When botanist Eric Ashby arrived in Australia in 1939, his ideas about higher education were already compelling. Ashby’s subsequent experiences in science policy during the Second World War then combined with ideas formed by scholarly networks in the pre-war Empire. These led him to consider how technology, needed for national development after the war, could be integrated into academic traditions.
The war changed everything for the universities. Old networks of scholars were complicated by new relationships with the state and industry and new public concerns. This paper discusses the contrasting networks that influenced the ideas of two British academic leaders after the Second World War. Eric Ashby, influential in higher education throughout the Commonwealth, held ideas informed by a pre-war scholarly environment. Another British scientist who travelled to Australia, John Philip Baxter, though only one year younger than Ashby, was influenced by an altogether different network.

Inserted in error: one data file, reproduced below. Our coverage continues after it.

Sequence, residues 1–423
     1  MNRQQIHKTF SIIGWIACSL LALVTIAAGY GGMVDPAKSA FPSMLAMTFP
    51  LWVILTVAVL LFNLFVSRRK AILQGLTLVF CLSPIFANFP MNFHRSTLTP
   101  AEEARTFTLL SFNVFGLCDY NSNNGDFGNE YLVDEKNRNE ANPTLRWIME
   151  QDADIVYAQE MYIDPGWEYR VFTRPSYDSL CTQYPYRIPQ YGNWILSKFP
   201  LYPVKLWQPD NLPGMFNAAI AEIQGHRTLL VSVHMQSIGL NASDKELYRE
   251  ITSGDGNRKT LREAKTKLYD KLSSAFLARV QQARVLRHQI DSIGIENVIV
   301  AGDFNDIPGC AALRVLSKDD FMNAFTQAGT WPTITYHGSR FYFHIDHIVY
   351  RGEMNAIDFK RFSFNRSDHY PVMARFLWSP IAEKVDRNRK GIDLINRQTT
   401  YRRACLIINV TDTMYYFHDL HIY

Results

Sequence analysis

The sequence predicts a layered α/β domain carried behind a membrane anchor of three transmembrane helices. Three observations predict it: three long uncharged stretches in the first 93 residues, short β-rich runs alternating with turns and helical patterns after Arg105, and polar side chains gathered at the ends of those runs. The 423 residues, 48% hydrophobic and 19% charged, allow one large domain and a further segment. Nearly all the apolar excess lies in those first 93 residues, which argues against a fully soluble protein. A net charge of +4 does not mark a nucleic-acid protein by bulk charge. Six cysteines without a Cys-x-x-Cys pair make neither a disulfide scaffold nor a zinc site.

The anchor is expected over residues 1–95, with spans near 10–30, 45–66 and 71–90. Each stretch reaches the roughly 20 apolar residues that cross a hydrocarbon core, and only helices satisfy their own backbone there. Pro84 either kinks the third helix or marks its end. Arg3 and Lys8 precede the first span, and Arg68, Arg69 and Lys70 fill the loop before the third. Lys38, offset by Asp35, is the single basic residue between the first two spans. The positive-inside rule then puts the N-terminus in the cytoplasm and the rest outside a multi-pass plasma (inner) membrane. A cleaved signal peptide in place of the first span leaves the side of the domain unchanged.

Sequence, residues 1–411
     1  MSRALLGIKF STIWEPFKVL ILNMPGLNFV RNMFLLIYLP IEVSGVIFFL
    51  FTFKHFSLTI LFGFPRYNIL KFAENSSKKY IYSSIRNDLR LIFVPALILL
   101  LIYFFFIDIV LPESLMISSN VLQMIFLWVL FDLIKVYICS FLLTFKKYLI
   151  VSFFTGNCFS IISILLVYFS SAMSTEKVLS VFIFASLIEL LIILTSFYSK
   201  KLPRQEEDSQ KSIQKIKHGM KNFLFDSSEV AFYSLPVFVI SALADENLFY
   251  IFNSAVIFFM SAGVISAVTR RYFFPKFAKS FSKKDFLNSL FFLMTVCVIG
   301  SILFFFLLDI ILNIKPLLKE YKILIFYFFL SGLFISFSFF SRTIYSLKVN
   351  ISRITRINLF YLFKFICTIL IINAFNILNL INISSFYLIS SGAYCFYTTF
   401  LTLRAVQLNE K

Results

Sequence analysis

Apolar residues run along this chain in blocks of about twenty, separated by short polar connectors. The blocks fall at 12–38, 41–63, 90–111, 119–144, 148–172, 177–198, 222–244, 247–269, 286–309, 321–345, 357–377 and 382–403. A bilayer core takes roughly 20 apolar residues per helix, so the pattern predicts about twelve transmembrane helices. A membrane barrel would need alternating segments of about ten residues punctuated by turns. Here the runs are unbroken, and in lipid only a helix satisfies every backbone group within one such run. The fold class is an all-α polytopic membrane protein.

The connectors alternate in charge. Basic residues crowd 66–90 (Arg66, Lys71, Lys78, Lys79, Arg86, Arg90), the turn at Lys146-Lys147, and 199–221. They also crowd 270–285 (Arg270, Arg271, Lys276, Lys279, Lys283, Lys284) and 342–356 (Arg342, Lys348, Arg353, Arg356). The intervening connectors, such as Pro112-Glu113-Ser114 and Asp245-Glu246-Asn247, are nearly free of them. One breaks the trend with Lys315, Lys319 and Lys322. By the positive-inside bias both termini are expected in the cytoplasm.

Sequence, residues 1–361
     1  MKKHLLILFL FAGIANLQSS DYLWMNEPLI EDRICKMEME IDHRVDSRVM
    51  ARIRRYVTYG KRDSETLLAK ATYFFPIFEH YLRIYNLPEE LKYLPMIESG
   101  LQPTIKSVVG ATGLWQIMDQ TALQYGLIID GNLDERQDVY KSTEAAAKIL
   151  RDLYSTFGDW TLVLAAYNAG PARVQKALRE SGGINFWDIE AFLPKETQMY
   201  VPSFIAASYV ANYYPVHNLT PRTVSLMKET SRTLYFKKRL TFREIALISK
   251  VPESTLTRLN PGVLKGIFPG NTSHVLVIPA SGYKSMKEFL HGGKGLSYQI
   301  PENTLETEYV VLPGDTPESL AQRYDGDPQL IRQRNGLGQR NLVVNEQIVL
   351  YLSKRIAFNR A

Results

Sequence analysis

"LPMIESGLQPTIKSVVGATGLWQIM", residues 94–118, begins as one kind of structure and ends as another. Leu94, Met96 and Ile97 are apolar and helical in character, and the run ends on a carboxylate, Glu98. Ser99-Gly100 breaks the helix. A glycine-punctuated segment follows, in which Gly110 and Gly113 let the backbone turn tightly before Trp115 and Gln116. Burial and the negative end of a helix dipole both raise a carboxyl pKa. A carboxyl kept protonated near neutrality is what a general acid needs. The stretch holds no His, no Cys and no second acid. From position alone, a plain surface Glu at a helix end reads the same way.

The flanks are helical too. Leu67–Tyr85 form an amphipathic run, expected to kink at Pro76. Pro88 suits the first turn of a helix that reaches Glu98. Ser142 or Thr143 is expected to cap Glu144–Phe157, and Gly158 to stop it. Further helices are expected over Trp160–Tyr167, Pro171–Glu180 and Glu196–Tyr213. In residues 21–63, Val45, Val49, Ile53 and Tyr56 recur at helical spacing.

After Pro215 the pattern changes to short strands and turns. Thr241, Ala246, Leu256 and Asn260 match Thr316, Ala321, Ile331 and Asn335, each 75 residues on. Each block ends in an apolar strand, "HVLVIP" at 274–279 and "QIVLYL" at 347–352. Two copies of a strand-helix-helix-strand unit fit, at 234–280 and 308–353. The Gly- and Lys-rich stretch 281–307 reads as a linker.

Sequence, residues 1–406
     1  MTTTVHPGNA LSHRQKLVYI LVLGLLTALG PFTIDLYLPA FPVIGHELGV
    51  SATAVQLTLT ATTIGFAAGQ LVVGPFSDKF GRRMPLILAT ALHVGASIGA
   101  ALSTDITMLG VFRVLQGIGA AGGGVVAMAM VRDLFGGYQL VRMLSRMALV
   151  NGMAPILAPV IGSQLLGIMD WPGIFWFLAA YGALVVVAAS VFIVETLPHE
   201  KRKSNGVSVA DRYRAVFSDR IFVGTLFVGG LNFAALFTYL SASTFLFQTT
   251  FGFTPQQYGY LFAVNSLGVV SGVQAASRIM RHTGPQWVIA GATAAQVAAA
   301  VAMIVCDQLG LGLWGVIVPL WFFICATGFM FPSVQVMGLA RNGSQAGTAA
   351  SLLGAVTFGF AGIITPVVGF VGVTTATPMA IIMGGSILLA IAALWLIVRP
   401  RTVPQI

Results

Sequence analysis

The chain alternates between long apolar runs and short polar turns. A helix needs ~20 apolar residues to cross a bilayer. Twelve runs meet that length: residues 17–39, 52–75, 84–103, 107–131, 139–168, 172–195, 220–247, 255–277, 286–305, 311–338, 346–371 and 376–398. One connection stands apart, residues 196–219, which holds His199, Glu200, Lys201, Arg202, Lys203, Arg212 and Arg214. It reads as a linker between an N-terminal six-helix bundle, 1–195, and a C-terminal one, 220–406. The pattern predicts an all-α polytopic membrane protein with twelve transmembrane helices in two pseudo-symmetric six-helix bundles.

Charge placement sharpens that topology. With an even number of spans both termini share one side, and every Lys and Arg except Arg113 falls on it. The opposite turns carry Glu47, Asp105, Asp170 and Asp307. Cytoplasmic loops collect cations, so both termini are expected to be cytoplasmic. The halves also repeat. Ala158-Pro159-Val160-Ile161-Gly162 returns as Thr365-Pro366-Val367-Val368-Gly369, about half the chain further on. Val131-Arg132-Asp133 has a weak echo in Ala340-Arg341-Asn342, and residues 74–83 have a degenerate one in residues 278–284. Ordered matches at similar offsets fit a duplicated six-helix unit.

Baxter had spent significant time in nuclear facilities in the United States and contributed to the construction of British nuclear weapons during the war. When the war was over, he was disappointed that public sentiment led his employer, Imperial Chemical Industries, to shut down its work in atomic power. Feeling that he might have more influence in Australia, in 1949 Baxter accepted an academic post in Sydney. By 1952 he was Vice-Chancellor of the University of New South Wales. Baxter’s goal, like Ashby’s, was the promotion of technology in the university system. However, his notion of scholarship and his ideas about the university were very different. Where Ashby promoted technology while preserving scholarly values, Baxter sought to transform scholarship to align to the values of industry.
Comparing networks of pre-war Empire with post-Empire Australia, this paper examines the emergence of a longstanding uncertainty about the focus of higher education: specific professional competencies or unique, creative intellectualism.
This is the abstract that I submitted to Scholarly Networks in the British Empire for July 2010.